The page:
From time to time, I’ll read about how bad 401k plans are for investors like you and me. Apparently, most people don’t even realize they’re paying fees on top of other fees to invest in certain funds. And while a minority of companies do it right, by providing low cost index and ETF funds, most, sadly do not. It’s up to you the investor, to thoroughly research your asset allocation and the funds you plan to invest in. But all these points become moot if you don’t contribute enough in the first place.
The news cycle has been inundated with talk of government pension reform lately due to the upcoming elections. But pensions are a type of defined benefit(DB) plan in which the benefit on retirement is determined by a set formula, and not investment return. Pensions sound(ed) great! As part of your total employee compensation, your company(or the government) would guarantee you a certain amount of money every month once you retire. Unfortunately, underfunding and low investment returns have revealed the open-ended nature of risk to employers. This risk is one of the main reasons why most companies now offer a 401k instead.
The Best of the Rest
A 401k is what’s known as a defined contribution plan. Your contributions are limited to $17,000 per year and it’s up to you to invest this money. And therein lies the problem. Most people don’t contribute enough to their 401k! It’s human nature to want instant gratification, and having money just sitting in your retirement account doesn’t do much to satiate your desire to spend. Ever heard of the Stanford Marshmallow Experiment?
Fees and asset allocation are important factors to consider, but young investors need to focus on increasing their rate of savings. Think about it like this. When you’re fresh out of college, your retirement accounts are low, so every contribution you make will significantly increase the percentage of your total account. After you’ve built up your accounts, each dollar that you put in will have less and less of an impact to the overall total value.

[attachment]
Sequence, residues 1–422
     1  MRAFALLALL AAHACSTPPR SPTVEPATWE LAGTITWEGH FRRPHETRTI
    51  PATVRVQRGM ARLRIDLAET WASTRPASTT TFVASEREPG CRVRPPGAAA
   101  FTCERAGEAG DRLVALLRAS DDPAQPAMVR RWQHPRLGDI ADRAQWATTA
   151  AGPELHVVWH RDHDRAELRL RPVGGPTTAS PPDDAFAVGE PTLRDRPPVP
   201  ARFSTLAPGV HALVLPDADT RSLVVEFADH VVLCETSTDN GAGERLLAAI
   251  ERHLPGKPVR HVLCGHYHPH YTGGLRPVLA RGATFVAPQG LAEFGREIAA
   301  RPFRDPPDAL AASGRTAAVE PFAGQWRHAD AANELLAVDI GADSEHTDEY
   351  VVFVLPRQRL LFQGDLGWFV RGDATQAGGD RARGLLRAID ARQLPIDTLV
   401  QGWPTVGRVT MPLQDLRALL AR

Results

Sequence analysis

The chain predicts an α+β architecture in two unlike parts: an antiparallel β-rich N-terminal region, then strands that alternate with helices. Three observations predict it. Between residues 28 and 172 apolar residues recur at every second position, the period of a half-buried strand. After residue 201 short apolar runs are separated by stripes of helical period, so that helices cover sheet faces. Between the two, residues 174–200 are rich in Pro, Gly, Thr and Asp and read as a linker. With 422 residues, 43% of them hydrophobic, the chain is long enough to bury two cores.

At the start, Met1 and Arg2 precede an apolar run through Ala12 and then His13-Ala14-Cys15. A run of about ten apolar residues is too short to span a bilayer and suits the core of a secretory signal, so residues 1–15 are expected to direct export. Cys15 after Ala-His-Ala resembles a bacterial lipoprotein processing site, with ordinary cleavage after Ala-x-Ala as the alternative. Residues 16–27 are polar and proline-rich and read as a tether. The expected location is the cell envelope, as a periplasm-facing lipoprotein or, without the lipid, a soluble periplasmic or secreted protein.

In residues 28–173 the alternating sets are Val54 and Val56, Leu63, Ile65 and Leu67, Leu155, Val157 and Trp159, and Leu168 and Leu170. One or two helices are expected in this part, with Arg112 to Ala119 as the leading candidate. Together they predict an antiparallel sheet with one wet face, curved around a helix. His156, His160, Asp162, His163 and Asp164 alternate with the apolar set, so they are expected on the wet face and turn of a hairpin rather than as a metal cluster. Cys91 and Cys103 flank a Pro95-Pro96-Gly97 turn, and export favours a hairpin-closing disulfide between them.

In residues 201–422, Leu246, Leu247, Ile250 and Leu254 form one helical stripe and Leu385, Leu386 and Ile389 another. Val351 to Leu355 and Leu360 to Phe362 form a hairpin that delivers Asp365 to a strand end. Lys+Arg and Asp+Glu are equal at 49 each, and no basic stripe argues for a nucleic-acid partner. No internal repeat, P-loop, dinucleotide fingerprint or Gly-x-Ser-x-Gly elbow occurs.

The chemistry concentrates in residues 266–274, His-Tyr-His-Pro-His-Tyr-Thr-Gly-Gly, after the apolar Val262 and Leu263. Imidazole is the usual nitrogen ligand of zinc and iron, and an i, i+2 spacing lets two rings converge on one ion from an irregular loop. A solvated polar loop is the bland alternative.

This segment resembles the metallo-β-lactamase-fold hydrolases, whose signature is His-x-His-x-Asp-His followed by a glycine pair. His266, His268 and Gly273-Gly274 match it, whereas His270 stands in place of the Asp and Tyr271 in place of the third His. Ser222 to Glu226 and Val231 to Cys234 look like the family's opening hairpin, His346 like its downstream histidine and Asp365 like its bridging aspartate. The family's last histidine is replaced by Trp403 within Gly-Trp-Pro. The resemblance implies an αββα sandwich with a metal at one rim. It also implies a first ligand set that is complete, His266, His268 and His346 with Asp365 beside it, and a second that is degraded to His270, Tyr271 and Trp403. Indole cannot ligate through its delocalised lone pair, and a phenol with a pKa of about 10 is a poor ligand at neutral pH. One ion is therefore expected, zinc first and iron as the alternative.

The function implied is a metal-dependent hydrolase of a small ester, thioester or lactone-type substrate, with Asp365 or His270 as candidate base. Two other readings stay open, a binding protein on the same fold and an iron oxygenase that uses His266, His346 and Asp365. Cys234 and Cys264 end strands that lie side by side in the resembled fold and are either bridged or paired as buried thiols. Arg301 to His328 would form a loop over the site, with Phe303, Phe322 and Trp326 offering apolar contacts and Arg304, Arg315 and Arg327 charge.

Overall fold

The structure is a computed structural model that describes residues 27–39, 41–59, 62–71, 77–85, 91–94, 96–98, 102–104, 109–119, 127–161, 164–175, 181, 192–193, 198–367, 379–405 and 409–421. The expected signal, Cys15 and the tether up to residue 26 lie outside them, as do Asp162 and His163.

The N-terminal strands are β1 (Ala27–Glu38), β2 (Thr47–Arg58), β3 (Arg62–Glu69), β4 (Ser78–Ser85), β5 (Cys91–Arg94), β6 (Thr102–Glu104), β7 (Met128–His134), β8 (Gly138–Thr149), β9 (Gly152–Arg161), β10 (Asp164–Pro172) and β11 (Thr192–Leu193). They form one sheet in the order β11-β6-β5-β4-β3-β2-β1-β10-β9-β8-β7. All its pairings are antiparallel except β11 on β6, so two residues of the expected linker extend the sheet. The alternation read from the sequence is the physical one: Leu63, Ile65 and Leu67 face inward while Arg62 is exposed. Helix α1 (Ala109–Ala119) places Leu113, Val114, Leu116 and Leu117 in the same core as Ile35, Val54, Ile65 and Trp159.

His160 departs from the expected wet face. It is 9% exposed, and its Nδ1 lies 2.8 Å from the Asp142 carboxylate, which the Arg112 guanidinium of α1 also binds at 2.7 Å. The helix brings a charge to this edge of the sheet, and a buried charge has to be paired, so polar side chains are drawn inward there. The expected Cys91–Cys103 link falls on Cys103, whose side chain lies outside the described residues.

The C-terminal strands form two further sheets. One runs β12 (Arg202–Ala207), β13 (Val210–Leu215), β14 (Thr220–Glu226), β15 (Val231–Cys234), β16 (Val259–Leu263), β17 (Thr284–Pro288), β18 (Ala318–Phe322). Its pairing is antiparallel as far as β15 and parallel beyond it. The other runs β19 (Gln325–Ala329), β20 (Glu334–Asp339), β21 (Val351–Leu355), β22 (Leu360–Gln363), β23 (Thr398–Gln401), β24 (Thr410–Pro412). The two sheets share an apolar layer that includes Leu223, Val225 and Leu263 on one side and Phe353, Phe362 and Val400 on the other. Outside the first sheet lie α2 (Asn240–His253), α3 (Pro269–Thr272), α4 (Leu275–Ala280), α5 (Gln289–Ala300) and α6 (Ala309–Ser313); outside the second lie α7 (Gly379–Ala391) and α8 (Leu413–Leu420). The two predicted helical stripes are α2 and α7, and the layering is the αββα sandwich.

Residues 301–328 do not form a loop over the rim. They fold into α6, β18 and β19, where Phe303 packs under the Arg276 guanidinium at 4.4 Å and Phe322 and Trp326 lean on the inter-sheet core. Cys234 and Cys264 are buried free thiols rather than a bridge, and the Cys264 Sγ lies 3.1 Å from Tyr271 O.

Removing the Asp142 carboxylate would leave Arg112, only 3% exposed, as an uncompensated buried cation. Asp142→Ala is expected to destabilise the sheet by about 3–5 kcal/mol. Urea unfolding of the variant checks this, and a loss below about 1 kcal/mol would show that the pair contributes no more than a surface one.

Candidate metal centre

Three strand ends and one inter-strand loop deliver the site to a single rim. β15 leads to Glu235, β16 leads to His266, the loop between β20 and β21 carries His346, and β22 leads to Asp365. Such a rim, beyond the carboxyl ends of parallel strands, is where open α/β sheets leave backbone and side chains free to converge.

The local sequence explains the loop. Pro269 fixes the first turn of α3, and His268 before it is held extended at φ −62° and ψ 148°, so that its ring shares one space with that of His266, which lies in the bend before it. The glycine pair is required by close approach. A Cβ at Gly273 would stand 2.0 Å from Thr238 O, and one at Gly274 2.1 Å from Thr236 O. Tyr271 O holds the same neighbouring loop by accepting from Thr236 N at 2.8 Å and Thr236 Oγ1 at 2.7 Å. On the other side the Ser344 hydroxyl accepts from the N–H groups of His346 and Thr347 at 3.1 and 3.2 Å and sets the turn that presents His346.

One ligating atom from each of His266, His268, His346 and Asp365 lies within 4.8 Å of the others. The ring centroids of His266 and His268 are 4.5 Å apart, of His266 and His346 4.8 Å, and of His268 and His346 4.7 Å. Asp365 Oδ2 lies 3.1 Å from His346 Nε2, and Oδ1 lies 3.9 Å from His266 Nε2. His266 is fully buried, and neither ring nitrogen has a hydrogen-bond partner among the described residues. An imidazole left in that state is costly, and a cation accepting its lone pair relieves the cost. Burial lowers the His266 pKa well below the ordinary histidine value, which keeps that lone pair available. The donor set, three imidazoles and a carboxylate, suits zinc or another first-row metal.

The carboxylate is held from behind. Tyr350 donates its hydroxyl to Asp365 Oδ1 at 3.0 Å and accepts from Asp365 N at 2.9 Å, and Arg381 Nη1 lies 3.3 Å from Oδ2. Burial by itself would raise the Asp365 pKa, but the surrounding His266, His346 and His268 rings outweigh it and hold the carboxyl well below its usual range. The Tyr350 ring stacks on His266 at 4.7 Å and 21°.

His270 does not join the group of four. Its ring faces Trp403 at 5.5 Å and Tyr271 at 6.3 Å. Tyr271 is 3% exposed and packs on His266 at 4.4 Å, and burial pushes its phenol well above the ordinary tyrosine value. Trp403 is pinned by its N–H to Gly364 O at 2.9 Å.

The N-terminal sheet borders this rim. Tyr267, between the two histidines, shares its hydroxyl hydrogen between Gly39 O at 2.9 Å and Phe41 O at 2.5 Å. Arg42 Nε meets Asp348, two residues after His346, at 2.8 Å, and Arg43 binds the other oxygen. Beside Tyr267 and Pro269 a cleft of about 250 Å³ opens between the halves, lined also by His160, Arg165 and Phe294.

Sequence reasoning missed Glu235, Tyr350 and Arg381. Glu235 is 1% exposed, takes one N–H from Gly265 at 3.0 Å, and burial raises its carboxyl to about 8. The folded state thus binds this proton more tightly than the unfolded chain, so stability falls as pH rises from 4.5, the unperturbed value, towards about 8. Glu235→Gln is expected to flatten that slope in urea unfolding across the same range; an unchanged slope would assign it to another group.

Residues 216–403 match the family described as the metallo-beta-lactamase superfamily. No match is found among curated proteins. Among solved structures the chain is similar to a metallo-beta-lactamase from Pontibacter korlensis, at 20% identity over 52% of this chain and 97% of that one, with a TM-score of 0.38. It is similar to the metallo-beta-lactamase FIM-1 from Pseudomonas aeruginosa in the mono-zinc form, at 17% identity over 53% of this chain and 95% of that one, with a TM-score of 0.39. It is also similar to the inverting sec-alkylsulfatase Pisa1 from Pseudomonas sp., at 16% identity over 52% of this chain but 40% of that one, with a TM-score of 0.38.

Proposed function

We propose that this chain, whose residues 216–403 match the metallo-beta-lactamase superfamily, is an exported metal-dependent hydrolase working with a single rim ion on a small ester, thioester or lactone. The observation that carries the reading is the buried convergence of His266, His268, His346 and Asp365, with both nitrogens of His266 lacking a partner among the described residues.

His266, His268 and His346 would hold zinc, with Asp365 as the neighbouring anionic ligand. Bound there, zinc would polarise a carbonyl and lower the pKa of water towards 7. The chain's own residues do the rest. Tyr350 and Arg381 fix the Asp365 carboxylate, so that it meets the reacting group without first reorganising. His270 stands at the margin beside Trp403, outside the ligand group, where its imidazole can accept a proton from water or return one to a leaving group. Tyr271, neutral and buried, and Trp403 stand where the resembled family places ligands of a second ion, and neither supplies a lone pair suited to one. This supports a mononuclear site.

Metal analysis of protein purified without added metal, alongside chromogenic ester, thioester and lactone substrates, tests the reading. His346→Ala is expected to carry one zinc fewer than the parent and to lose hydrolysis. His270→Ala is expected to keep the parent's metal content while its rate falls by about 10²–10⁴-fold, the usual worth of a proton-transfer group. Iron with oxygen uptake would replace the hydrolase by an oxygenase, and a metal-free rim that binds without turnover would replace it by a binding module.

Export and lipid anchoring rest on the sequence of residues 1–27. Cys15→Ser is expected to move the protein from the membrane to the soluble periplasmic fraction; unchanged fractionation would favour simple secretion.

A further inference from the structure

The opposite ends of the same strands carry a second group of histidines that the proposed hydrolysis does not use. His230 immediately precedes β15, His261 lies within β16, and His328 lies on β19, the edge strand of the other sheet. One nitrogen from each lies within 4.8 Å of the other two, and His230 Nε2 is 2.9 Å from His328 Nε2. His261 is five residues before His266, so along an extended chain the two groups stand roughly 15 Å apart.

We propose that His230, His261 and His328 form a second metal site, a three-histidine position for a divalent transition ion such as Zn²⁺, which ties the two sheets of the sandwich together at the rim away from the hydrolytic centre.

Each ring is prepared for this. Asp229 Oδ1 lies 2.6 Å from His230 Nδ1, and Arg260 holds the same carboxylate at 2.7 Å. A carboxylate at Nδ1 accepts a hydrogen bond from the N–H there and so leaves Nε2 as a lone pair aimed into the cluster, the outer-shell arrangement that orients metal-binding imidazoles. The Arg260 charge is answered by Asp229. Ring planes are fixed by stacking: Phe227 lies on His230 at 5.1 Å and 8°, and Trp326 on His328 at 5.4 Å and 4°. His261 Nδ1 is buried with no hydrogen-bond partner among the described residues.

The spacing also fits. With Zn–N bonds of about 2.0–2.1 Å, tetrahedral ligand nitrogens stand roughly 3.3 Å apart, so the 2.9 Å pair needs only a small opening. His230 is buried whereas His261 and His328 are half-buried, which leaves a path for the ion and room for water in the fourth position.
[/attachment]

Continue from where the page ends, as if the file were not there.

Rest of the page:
Let’s Look at Some Examples
Robert is 25 and has $50,000 in his 401k. He holds all cash positions, so no investments in stocks or bonds. If he contributes the maximum $17,000, his 401k goes up 34% to $67,000. This return outpaces the best year the stock market had in the past 35. 1% expense ratios are a big deal when your account starts treading in low-mid 6 figures, but until then Robert needs to focus on his contributions.
Alicia is 45 and has $500,000 saved up in her 401k. A $17,000 maximum contribution at this point will only increase her 401k by 3.4%. She’s invested in an active mutual fund that charges a 1.7% yearly fee, which effectively wipes out half of her contributions. At this point, Alicia would be well-served to research some low cost passive investment alternatives to reduce her fees.
These examples illustrate the power of large contributions towards the beginning of one’s career. The impact of your contribution on your total account value will significantly decrease as time goes on. Still not convinced? Let’s look at a graphical representation. Assume that you contribute $17,000 from the time your 25 up until you retire at age 65.
We can clearly see that there is a steep drop-off after about 10 years. Even though we are contributing the maximum amount of $17,000, our account value will not go up more than 5-10% ignoring investment gains. In fact, these gains would increase the total account value and produce a more dramatic decline.
What’s the Takeaway?
Contribute now and work to increase contributions on a yearly basis. DB plans like Social Security haven’t worked out too well, In fact, some states are on the brink of declaring bankruptcy in their pension fund. 401k plans may have their flaws, but they are the best option investors have for now.
Readers, do you contribute enough to your 401k? If not, why not?! Would you prefer getting paid less and having a DB plan like a pension?
Track All Your Accounts With Personal CapitalPersonal Capital lets you see all of your accounts in one convenient place. Sign up now for free.